A couple of hours later I ended up with a countdown timer that:

It’s not revolutionary but might be useful to anyone out there running an event. It’s on GitHub — feel free to download a copy for your own use.

Setting Development Variables in Jekyll

Over the last few months I’ve been making some minor adjustments to this site, and the Back to Front Show site, both of which run on Jekyll. One thing I have found really useful is having the ability to chain multiple config files together — especially when developing locally.

Using Variables

I currently use Cloudinary to serve blog post images. I plan on writing a bit more on the “why and how” of using Cloudinary in another post but essentially when developing locally the Cloudinary based URLs will only work if the original image has been made available online. Cloudinary uses an origin-pull method to add images to it’s own network and therefore has no knowledge of new images that aren’t available via a public URL.

When adding a new post I create images locally and add them to a folder within my Jekyll site — which are then available locally for preview. Once the post is complete I push the images and markdown file to GitHub which regenerates the site. However, given that my figure element include file (below) references Cloudinary I am unable to preview the images during a local preview as Cloudinary has no concept of the image stored on my local machine. Previewing locally only results in a 404 error on any image referencing the Cloudinary URL.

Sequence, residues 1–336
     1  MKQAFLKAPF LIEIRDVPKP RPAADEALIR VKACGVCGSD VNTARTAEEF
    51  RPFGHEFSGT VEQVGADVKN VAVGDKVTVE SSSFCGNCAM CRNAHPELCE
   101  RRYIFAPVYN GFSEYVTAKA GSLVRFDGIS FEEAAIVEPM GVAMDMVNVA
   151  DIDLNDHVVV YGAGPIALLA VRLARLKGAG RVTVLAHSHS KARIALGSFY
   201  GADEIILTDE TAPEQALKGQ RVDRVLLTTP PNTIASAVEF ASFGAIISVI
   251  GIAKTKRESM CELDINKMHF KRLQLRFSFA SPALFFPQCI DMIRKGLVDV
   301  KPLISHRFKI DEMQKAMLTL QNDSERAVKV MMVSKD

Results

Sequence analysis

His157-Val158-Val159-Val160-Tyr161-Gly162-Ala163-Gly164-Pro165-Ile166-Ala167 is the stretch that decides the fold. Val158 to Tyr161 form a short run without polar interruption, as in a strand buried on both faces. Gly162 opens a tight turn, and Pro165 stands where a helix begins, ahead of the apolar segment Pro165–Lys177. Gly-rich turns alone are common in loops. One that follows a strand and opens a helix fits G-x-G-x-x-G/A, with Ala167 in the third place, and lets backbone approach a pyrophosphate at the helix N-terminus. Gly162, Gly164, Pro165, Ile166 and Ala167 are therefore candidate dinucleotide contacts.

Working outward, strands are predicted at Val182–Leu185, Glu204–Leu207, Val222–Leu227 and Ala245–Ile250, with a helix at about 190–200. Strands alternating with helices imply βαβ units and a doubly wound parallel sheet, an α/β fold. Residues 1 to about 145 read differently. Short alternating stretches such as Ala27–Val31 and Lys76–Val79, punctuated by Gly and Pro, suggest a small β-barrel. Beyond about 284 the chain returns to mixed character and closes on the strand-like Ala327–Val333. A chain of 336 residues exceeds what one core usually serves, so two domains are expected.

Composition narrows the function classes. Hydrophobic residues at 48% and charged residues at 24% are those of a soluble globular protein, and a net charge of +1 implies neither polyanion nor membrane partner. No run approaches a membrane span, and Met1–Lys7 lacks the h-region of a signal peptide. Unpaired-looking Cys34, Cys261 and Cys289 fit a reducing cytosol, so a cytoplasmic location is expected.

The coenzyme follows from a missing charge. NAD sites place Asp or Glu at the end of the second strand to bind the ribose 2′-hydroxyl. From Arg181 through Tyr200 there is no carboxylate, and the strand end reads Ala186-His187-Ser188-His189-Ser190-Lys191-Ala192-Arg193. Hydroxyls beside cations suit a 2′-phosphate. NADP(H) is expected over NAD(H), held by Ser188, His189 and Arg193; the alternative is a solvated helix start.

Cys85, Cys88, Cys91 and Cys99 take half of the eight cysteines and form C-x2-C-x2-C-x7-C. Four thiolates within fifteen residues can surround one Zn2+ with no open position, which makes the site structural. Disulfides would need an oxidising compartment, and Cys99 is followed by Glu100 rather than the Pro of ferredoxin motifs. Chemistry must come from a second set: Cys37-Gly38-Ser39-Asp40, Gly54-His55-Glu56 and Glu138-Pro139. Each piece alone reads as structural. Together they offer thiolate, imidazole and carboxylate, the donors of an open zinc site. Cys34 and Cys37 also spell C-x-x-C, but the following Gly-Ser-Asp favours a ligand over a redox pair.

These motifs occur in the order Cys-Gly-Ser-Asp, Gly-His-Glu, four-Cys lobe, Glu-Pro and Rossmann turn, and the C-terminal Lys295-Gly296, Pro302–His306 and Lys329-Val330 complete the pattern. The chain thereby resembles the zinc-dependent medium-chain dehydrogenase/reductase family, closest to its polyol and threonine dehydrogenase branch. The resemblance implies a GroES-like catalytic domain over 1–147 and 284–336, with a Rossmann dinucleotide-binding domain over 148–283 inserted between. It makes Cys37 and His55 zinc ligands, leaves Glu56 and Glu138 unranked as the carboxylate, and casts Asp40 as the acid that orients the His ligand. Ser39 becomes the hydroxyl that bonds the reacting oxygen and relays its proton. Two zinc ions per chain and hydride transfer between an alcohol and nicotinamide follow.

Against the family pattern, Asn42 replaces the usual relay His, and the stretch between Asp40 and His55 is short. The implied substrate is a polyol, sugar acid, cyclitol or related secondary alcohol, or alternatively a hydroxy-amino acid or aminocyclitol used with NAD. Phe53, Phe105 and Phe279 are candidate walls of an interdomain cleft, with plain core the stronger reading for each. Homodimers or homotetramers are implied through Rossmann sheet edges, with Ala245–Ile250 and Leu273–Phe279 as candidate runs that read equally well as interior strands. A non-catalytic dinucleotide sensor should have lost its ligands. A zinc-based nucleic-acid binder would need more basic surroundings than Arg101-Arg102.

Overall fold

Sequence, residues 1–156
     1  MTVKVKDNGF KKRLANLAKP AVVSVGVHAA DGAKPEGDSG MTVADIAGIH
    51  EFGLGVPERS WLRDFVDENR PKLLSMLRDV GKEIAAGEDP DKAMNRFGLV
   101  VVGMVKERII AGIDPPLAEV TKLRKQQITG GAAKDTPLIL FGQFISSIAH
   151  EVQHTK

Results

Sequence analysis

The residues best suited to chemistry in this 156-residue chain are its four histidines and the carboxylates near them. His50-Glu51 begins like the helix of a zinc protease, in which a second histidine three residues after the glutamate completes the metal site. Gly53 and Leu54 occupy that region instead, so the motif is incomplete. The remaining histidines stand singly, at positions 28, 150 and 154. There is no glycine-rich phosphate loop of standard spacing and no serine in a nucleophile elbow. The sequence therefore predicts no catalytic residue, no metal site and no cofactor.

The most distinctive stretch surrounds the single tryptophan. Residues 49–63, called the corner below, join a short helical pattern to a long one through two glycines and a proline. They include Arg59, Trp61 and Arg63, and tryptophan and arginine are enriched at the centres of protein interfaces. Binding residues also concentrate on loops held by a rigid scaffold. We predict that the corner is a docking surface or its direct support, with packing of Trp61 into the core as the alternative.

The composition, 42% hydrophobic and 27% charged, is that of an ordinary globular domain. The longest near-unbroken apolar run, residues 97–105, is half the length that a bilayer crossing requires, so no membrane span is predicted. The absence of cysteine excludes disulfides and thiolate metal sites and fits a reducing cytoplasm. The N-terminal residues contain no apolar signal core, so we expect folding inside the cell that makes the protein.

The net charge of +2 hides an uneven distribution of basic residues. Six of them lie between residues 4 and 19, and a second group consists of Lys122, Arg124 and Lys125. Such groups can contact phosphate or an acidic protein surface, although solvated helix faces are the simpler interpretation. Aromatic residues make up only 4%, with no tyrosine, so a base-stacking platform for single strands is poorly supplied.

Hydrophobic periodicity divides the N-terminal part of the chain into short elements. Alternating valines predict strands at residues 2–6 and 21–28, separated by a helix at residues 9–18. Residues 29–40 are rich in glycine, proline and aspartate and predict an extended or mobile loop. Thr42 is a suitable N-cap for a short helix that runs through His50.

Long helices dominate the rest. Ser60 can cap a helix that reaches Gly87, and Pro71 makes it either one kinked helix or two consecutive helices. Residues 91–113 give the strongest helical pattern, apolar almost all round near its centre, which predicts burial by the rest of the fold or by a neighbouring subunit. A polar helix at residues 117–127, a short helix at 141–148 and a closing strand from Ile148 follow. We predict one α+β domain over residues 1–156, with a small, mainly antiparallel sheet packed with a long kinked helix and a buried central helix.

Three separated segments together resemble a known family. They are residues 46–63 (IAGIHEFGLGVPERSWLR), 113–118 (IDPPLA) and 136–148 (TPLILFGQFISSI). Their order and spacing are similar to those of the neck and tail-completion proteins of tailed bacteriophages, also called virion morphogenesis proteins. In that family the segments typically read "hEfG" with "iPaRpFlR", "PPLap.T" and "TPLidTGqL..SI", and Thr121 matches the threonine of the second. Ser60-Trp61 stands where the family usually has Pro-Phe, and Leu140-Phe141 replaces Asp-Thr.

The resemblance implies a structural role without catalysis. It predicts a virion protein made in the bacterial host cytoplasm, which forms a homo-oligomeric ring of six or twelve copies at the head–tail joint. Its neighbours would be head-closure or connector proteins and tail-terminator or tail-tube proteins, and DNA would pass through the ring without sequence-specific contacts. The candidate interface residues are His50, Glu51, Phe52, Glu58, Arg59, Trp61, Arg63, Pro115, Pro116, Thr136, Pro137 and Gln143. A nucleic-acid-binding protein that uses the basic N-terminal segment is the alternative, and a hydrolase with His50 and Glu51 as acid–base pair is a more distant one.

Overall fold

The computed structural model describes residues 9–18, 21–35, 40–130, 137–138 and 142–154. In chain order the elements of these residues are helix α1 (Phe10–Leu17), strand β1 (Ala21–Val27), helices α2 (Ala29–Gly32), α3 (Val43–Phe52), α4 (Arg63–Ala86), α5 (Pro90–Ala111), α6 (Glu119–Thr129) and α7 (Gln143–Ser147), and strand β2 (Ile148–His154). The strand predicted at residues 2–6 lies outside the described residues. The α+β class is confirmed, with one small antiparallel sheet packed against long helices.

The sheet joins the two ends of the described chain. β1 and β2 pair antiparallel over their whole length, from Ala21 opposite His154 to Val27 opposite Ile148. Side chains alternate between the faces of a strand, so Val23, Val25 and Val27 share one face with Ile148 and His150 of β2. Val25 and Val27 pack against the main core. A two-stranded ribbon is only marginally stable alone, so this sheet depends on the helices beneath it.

<figure>
<img sizes="100vw" src="https://res.cloudinary.com/keirwhitaker/w_auto:250:400,f_auto/remote/posts/{{ include.url }}" alt="{{ include.alt }}" />
<figcaption class="{{ include.class }}">{{ include.caption }}</figcaption>
</figure>

After some head scratching I came across the option of chaining multiple config files together. This option allowed me to make use of a single config variable that is loaded in for local development and can be used to change the logic within the templates to load the images locally.

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The Back to Front Show — Episode 47

Kieran’s Big Red Button — Episode 047
Kieran’s Big Red Button — Episode 047

A week ago Kieran and I dusted off the microphones for another Back to Front Show episode. You can listen to it here or subscribe on iTunes.

In this episode we catch up on what’s happened in our lives since the last recording, discuss the latest goings on at Medium, ponder why the Guardian doesn’t write listicles and end on probably the best API in the world!

You can find the full show notes on Back to Front Show web site.

A Day with Shopify Birmingham — 2017

Last week I headed to Birmingham for the first edition of the Shopify Partners 2017 A Day with Shopify event series. While being the first in 2017 it’s actually an iteration of the event Cat and I put together in Bristol last year. We learnt a lot from our “trial” event and have added some new features for this year’s series.

Kicking off A Day with Shopify UK
Kicking off A Day with Shopify UK